Naomi Fukagawa

Director, USDA Beltsville Human Nutrition Research Center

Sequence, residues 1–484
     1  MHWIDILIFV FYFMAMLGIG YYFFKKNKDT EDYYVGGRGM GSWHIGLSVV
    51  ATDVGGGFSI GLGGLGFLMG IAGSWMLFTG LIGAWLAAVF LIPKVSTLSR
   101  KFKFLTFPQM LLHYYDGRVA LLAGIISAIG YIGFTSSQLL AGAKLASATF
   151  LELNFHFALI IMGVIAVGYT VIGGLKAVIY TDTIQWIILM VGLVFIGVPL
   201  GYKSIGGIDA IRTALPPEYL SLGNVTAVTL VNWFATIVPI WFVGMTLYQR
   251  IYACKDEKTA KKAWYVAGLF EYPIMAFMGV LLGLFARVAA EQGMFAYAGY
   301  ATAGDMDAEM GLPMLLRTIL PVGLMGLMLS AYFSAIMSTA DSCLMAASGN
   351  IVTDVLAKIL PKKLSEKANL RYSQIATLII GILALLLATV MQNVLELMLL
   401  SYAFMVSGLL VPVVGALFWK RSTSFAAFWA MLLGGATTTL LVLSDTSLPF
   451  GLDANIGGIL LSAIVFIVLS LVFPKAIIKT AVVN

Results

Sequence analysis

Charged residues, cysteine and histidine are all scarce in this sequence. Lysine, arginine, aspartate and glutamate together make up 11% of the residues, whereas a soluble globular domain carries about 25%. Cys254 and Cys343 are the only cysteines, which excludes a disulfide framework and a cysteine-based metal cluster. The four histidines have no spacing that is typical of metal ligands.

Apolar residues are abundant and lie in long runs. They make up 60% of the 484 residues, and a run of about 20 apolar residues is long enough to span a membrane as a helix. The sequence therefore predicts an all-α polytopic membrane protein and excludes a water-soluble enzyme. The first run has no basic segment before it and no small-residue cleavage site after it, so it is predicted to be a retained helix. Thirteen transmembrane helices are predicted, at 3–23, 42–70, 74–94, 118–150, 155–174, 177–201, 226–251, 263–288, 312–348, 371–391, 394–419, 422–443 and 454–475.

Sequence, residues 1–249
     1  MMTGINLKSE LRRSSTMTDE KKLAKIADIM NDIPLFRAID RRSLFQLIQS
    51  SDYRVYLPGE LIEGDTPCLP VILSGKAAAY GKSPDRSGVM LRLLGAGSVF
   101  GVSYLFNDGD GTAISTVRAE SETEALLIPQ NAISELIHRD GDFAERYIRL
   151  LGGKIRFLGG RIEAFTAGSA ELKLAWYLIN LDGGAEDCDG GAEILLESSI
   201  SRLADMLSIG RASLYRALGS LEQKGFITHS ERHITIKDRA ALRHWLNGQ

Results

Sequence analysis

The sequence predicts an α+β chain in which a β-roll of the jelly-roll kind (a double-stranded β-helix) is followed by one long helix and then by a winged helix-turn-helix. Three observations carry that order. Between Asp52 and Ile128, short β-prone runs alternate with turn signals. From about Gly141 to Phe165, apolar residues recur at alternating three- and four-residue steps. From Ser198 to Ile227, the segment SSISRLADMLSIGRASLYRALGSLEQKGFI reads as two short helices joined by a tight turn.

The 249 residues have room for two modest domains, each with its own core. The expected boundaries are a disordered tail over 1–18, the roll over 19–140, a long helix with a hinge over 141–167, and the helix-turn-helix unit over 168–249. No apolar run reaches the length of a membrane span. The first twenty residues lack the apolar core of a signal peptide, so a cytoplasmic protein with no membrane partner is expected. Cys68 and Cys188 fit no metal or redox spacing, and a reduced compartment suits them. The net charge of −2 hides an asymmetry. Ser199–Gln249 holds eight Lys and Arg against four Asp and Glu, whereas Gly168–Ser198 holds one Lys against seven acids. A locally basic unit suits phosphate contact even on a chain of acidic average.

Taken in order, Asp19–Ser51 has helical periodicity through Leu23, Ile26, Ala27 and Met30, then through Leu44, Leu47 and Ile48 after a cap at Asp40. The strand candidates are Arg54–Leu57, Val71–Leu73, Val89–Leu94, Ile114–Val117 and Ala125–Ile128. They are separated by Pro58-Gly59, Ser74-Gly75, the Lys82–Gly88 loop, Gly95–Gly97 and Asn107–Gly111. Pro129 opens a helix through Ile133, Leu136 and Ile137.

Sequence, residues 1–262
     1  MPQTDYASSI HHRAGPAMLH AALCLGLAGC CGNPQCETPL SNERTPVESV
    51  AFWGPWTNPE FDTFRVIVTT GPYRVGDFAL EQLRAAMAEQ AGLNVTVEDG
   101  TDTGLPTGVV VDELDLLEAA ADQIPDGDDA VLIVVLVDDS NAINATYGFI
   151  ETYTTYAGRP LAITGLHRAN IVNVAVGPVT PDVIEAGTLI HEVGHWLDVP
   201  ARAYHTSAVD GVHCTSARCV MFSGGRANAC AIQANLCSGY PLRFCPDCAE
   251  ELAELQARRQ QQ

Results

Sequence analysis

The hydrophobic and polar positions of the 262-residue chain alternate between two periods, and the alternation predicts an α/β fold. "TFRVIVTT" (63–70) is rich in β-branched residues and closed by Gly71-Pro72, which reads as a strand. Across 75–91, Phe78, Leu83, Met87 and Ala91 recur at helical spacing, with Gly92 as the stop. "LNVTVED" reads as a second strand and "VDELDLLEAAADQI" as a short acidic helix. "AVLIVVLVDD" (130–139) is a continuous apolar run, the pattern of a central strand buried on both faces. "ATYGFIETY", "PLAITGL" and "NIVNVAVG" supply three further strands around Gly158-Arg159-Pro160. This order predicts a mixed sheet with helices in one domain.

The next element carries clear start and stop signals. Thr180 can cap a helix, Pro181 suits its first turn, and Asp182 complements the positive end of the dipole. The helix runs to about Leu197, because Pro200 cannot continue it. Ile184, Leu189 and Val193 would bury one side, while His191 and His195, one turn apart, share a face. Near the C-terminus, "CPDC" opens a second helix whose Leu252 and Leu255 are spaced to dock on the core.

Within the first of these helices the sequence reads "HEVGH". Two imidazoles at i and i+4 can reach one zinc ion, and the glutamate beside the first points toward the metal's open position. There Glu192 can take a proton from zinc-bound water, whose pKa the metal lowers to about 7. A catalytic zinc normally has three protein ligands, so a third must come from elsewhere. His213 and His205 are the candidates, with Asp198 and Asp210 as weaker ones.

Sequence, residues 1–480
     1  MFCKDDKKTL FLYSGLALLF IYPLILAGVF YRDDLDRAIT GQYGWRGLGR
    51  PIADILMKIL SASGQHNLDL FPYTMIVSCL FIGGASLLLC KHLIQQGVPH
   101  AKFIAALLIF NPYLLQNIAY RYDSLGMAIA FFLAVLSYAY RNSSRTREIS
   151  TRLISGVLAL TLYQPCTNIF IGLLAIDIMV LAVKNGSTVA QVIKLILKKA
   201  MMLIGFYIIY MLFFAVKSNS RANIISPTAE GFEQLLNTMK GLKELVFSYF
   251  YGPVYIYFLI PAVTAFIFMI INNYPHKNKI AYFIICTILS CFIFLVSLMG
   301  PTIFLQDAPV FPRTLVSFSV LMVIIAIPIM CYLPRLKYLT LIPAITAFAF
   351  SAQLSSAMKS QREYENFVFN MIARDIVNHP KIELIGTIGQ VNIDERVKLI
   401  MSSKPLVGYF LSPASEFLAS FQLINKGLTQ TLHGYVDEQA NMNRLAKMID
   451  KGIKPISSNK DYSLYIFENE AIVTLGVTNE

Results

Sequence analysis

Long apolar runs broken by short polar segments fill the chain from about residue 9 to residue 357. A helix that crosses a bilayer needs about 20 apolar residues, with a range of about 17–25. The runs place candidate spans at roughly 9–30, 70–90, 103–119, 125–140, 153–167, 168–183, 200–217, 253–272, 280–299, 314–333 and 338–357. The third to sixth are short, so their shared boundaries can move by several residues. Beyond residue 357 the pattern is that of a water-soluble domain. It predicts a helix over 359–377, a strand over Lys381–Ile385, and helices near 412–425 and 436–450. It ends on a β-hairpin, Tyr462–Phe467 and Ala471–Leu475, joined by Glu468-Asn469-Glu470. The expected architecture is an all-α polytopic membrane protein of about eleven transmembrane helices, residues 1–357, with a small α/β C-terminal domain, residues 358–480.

Naomi K. Fukagawa, MD, PhD, assumed the Directorship the USDA Beltsville Human Nutrition Research Center, in Beltsville, MD, in Spring 2015, previously serving as Professor of Medicine and Acting Director of the Gerontology Unit at the University of Vermont, Burlington, VT.  Dr. Fukagawa is a board-certified pediatrician and an expert in nutritional biochemistry and metabolism, including protein and energy metabolism; oxidants and antioxidants; and the role of diet in aging and chronic diseases, such as diabetes mellitus. Dr. Fukagawa has served on numerous NIH review panels, served as the Chairman of the NIH study section for General Clinical Research Centers and completed a 5-year term on the NIH Integrated Physiology of Obesity and Diabetes Study Section.  Her membership in the American Society for Clinical Investigation, election as President of the American Society for Clinical Nutrition (American Society for Nutrition), and service as an Associate Editor for the American Journal of Clinical Nutrition, as Editor-in-Chief of Nutrition Reviews, and as Vice-Chair of the 2010 Dietary Guidelines Advisory Committee of the USDA and HHS speak to her national/international recognition. She received her MD degree from Northwestern University and her PhD from the Massachusetts Institute of Technology in Cambridge. Her clinical training included residency at the Children’s Hospital of Philadelphia, University of Pennsylvania, Chief Residency at the University of Vermont, and nutrition/ gerontology fellowships at the Children’s Hospital and Beth Israel Hospital, Harvard Medical School.  Dr. Fukagawa has maintained an active research laboratory where her work ranges from cells and animals to in vivo studies in human volunteers.  Dr. Fukagawa’s present work focuses on the impact of environmental stressors (metabolic or physical) on human health, specifically the health effects of exposure to petrodiesel and biodiesel exhaust. Although nutrition is not often viewed as an environmental factor that influences health and well-being, all are aware of the concern about obesity and related disorders, the impact of air pollution on health, and the search for alternative fuel sources that may divert food crops to fuel production. Melding nutrition science with environmental engineering, endocrinology, and immunology will support innovative experiments to determine whether emissions from the combustion of petrodiesel and biodiesel fuels have differential effects on susceptibility to obesity and diabetes mellitus and the potential mechanisms responsible for the effects. Underlying this is the question of whether diet can help to mitigate the adverse effects of environmental stressors while maintaining adequate food production in an environmentally-friendly and sustainable manner. 

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